by Kimberlee MacVicar (Garfinkle)
For many families who bridge Christianity and Judaism, the fact that Christmas this year falls during the eight days of Hanukkah might create added seasonal stress — but it can also create a wonderful opportunity to combine traditions.
But let’s back up a second: for many Jewish/Christian households, there is something called the “December Dilemma."
Do we put up a tree even though we're raising the children Jewish because one spouse is missing the holiday he/she grew up with? Do grandparents want the children to celebrate their holiday over the one of the other grandparents? It can be delicate.
I am Jewish and married to a Catholic man. We agreed to raise our children Jewish. My husband finds the tree tradition wasteful, so he does not want one, but for other families it can be a bone of contention.
It’s legit to miss a key family tradition that you grew up with. It’s equally legit to feel uncomfortable putting up something symbolic in your home that represents a faith you don't identify with and that is well-represented outside the house.
With Christmas and Hanukkah overlapping on the calendar this year, I offer this tale of what happened with my in-laws last year. Maybe something similiar might work for other families.
My in-laws live in Orange County. A few weeks before Christmas my mother-in-law had knee surgery, and may father-in-law emailed asking for help planning Christmas dinner. I was put in charge.
Having never cooked a Christmas dinner before, but knowing many serve ham (oy), I asked my husband “what do you like to eat at Christmas?” I was stunned when he said that he really didn’t care for Christmas food, but preferred “Hanukkah food." Really? I wrote to his family with a sample menu and they all jumped at the chance to do something different.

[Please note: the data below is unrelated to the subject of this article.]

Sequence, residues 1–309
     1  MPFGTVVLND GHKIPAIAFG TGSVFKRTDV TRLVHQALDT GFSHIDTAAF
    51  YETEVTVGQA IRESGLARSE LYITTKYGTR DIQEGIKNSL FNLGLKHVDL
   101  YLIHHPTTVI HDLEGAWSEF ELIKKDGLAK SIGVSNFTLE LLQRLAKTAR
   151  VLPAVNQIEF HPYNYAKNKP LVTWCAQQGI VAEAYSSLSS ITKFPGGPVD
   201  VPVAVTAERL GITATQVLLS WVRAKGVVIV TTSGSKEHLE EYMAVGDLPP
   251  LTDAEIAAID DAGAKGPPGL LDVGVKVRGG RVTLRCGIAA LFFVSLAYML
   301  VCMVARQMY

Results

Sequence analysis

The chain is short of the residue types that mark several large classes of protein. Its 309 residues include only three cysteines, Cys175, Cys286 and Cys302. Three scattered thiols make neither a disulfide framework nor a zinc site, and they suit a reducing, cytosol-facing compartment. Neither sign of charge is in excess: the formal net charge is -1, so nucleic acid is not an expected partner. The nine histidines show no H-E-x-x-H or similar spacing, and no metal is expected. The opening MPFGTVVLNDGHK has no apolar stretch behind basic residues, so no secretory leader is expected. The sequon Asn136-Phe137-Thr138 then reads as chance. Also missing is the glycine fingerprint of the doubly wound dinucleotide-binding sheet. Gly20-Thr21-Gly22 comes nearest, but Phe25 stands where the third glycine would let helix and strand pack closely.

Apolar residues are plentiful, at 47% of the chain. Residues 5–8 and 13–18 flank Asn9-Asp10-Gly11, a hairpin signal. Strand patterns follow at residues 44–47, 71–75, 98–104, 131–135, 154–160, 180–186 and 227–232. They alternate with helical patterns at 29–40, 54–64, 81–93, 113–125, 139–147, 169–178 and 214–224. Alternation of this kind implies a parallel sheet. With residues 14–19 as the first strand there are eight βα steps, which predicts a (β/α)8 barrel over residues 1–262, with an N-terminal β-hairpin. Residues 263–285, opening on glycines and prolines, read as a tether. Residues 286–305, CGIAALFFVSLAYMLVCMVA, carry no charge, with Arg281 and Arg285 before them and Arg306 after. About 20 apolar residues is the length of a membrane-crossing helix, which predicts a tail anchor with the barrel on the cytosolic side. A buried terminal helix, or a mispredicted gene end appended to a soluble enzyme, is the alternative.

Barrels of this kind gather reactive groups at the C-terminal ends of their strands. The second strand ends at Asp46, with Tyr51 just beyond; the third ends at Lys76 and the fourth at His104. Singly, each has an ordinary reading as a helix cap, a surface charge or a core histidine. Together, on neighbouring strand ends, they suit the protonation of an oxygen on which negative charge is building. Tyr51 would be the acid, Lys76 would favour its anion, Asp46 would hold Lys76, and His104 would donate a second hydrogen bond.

So, our Christmas menu was:
Winter mixed green salad
Challah (my sister-in-law is a baker and makes excellent challah!)
brownies, cookies, chocolate gelt and other desserts
Latkes (probably the biggest hit of the dinner) with apple sauce and sour cream
I don’t believe any of them had ever eaten latkes before, so when we arrived with about 20 pounds of potatoes, onions, other ingredients, frying pans, a huge container of oil and a food processor, it’s an understatement to say my husband’s parents looked quite nervous.
My brothers- and sisters-in-law arrived early Christmas Day, and we began the task of making latkes. My mother-in-law tried to talk us out of it saying it looked like it was too much work and that eating potatoes fried in oil was “too many points,” but we soldiered on determined to have them.
It was a great bonding time hanging out by the skillets, drinking beer as the potatoes fried away. Since we only see these relatives once a year, this gathering was extra special. I was proud to introduce my in-laws to a piece of my heritage.
After dinner we played dreidel, a game they have never played before. It was absolutely hilarious to see how competitive they got and who had more chocolate gelt in front of them during the game. It was quite the bragging moment for the victor!
As family was leaving, they commented on how much they liked the food and thought this meal should be the new MacVicar Christmas Tradition. I was flattered and felt more a part of the family than before. The true feather in my cap on what we accomplished was the next morning when my mother-in-law awoke wanting to eat the leftover latkes and got upset when she discovered that her husband beat her to it and ate them!
May this story help families this year when these two holidays collide and the December Dilemma can be heightened more than other years.